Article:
Grace's Guide To British Industrial History

Registered UK Charity (No. 115342)

Grace's Guide is the leading source of historical information on industry and manufacturing in Britain. This web publication contains 163,367 pages of information and 245,906 images on early companies, their products and the people who designed and built them.

Grace's Guide is the leading source of historical information on industry and manufacturing in Britain. This web publication contains 147,919 pages of information and 233,587 images on early companies, their products and the people who designed and built them.

Langton Street Bridge, Bristol

From Graces Guide
2022
JD 2022 11 09 2.jpg
JD 2022 11 09 3.jpg
JD 2022 11 09 4.jpg

Better known as the Banana Bridge.

Wrought iron arched bowstring footbridge, 134 ft long, on masonry abutments.

Built in 1882[1] by Finch and Co of Chepstow.

1882, July: 'THE NEW BRIDGE AT BEDMINSTER. The temporary foot bridge placed across the New Cut while Bedminster new bridge is being constructed was built on the existing bridge [?] and consists of two bowstring girders each 130 feet long giving a footway 10 feet in width. It is now being drawn over by chains and screws into position so that operations on tbe permanent bridge may be commenced. The weight of the footbridge is 80 tons and of wrought iron. When the bridge connecting Redcliff Hill with Bedminster is completed the footbridge will be removed to a point near St. Luke's Church, where it will span the Cut.'[2]

1882, August: 'The new Bedminster footbridge was open to traffic yesterday. The old bridge is still as partially in use, as it has been for several weeks.'[3]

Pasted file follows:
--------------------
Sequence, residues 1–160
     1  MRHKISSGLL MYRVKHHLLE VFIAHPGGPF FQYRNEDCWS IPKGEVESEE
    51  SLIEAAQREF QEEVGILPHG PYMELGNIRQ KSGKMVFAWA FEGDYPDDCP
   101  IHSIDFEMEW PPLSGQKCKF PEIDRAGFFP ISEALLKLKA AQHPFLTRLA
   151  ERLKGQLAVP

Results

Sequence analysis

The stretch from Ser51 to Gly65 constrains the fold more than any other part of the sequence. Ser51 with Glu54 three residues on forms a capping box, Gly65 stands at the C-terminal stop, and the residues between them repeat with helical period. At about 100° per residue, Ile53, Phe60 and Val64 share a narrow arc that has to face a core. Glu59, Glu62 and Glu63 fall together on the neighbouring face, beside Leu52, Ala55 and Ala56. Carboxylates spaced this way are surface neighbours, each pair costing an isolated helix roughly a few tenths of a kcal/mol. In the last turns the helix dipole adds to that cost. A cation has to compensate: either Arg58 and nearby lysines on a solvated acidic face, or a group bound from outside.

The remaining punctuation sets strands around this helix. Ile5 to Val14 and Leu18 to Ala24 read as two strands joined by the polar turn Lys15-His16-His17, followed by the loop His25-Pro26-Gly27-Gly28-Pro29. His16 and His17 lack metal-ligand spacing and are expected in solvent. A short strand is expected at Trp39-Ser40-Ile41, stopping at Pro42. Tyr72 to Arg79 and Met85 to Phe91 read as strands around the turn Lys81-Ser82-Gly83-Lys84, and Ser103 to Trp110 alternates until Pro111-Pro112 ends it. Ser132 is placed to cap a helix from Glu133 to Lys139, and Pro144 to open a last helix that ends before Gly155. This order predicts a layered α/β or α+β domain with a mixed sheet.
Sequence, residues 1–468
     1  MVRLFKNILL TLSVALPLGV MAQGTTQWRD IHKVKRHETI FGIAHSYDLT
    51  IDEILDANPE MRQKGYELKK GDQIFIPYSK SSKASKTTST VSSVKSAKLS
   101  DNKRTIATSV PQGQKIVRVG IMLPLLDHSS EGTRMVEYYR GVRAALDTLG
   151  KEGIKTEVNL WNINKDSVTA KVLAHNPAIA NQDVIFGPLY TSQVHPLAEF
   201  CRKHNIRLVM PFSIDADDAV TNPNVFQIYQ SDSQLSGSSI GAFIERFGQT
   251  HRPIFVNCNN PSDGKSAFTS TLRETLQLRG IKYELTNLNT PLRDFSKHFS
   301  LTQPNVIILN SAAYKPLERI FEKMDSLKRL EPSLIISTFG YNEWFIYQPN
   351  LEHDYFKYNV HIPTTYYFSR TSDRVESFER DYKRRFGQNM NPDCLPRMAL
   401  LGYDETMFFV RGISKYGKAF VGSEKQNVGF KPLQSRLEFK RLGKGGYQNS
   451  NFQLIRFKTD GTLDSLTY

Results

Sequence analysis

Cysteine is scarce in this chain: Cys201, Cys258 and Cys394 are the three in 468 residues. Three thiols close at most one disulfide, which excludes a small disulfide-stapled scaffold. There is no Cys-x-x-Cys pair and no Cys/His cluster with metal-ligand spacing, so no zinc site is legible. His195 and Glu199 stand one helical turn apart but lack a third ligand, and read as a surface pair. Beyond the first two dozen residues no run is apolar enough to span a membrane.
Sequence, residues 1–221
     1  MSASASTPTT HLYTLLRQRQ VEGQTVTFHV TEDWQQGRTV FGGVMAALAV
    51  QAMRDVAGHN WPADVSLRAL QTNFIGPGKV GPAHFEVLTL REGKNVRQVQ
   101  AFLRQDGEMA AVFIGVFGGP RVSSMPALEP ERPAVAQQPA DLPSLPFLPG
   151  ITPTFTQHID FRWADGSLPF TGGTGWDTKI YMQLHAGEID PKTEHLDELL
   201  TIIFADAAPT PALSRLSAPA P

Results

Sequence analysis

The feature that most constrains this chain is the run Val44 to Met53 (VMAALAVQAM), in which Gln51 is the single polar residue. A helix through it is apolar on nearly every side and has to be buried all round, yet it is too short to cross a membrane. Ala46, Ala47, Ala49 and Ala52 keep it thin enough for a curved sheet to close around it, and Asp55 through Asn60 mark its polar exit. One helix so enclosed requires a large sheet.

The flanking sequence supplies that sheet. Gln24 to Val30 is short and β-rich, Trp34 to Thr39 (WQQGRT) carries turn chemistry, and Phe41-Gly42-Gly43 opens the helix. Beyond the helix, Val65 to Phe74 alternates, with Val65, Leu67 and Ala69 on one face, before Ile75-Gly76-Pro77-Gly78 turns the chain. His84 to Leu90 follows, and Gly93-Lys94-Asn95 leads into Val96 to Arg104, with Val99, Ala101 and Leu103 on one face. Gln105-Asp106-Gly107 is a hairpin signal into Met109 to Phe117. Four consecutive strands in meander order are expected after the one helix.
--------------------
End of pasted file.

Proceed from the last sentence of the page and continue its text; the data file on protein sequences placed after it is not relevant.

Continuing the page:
1884 'THE REMOVAL OF THE BEDMINSTER FOOTBRIDGE.
A sight, the like of which will probably not be seen again in Bristol for many generations, may be witnessed at six o'clock on Tuesday morning — we allude to the removal, en suite, of the new iron footbridge at Bedminster to its permanent position at the bottom of Langton-street. The most elaborate preparations are being made, and, in fact, are so far nearly completed, that there cannot possibly be any hitch on that ground.
The pontoon for floating the bridge will be constructed of four 80-ton barges, braced together in pairs with the necessary framing. Upon them are built frames of the most solid and substantial character to a height of 23ft. 3in. from water line. Each pair of pontoons will be floated separately through the harbour and locks at Bathurst basin into the New Cut.
They will be taken under the new Bedminster-bridge, and a short distance beyond the footbridge which is to be removed. Here the separate pairs of pontoons will be braced together, forming one rigid structure, 64 feet in width. It will then be towed back underneath the footbridge, or, as it is technically termed, the bow string bridge. Here it will be firmly held until the tide rises underneath, and as it rises the bridge will be lifted bodily from its present bed plates. It will then be drawn sideways for a distance of about six feet, and will then be drawn sideways towards Bedminster about an equal distance.
Proceeding forwards in a direct line of about 30 feet, it will have cleared the parapet on the one side of the Cut, and the railings on the other. From here the tide will take the bridge up the river to its permanent situation at the bottom of Langton-street, where it will be moored to four mooring posts now in course of construction. The bridge will then be connected with separate pairs of blocks and tackle tied at right angles on each end for the purpose of adjusting it into the exact position over the bed plates.
As the tide recedes it will gradually fall into that position on the bed plates fixed on the new masonry. A couple of tugs will be employed, one in front and one aft of the pontoon.
The hour fixed for the operation is early, but it is necessary that the work should be performed on the top of a high tide. There will probably be a large number of spectators, notwithstanding the early hour at which it will be necessary to rise.